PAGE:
Chief Fred A. Mitchell Jr. would like to remind residents to be aware of potentially thin ice as the temperature continues to fluctuate.
“Although we’re in the heart of winter, temperatures have risen at times over the last few weeks, causing some ice melt and create potentially unsafe conditions for those looking to walk, skate or fish on the ice,” Chief Mitchell said. “We encourage residents to follow these tips and to always use an abundance of caution when going out onto the ice.”
The Department of Energy and Environmental Affairs recommends measuring ice in multiple places before testing it with your weight. Ice that is two inches thick or less should be avoided completely. Four inches or more is considered safe for ice fishing or any other activity on foot. Five inches of ice is recommended for snowmobiles or ATVs. Eight to 12 inches is needed for a small car, while a foot to 15 inches is recommended for trucks.
General Ice and Cold Water Safety:
- Never go onto the ice alone. A friend may be able to rescue you from shore or go for help if you fall through the ice.
- Go out onto the ice prepared. Make sure to have a cell phone with you in case of emergency, as well as rope or ice picks to help should you or someone you’re with fall in.
- Always keep your pets on a leash. If a pet falls through the ice do not attempt a rescue. Call 911 instead.
- New ice is usually stronger than old ice. As the ice ages, the bond between the crystals decay, making it weaker, even if melting has not occurred.
- Beware of ice covered with snow. Snow can insulate ice and keep it strong, but can also insulate it to keep it from freezing.
- Slush indicates that ice is no longer freezing from the bottom and can be weak or deteriorating.
- Ice formed over flowing water (rivers or lakes containing a large number of springs) is generally more dangerous and should be avoided.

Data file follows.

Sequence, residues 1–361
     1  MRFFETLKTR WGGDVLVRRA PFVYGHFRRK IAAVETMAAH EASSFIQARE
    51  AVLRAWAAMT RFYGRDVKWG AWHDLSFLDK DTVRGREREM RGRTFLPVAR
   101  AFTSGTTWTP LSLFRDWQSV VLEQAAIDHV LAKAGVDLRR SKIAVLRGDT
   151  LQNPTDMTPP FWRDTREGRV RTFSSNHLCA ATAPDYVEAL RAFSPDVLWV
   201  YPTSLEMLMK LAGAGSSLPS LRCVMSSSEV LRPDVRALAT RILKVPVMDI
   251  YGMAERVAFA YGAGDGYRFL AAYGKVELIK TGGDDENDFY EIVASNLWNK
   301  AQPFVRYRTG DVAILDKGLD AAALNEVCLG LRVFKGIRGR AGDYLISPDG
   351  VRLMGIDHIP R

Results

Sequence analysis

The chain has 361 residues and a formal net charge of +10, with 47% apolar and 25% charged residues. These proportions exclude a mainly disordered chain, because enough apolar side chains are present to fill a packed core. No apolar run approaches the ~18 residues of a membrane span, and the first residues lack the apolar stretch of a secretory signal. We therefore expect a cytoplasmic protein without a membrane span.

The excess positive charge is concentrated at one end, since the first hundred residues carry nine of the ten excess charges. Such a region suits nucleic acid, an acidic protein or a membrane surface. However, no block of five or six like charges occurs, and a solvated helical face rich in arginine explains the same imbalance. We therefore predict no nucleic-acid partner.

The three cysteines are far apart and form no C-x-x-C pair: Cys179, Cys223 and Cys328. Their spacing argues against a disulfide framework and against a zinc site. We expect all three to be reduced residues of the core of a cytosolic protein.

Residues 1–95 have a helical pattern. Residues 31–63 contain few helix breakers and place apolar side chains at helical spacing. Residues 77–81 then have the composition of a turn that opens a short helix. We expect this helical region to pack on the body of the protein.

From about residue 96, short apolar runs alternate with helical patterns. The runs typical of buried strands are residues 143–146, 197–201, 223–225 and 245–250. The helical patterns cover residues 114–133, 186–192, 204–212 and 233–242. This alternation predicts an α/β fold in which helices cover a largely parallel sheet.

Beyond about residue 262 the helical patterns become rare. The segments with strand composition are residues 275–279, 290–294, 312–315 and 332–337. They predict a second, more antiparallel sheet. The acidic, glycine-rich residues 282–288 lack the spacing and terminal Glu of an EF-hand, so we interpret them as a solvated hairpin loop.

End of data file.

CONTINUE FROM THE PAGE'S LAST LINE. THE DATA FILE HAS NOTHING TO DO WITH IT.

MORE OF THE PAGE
- Ice seldom freezes or thaws at a uniform rate. It can be one foot thick in one spot and be only one inch thick 10 feet away.
What To Do If Someone Falls Through Ice
- Reach-Throw-Go: If someone falls through the ice, call 911. If you are unable to reach that person from shore, throw them something (rope, jumper cables, tree branch, etc.). If this does not work, go for help, but do not attempt to go out onto the ice to rescue them. Get medical assistance for the victim immediately.
- If you fall in, try not to panic. Turn toward the direction you came from. Place your hands and arms on the unbroken surface, working forward by kicking your feet. Once out, remain lying on the ice (do not stand) and roll away from the hole. Crawl back to your tracks, keeping your weight distributed until you return to solid ice. Once safe, find shelter and change out of your wet clothes. Seek medical assistance immediately.
If you have any questions, call the Georgetown Fire Department at 978-352-5757. If you feel that someone may be in danger, call 911.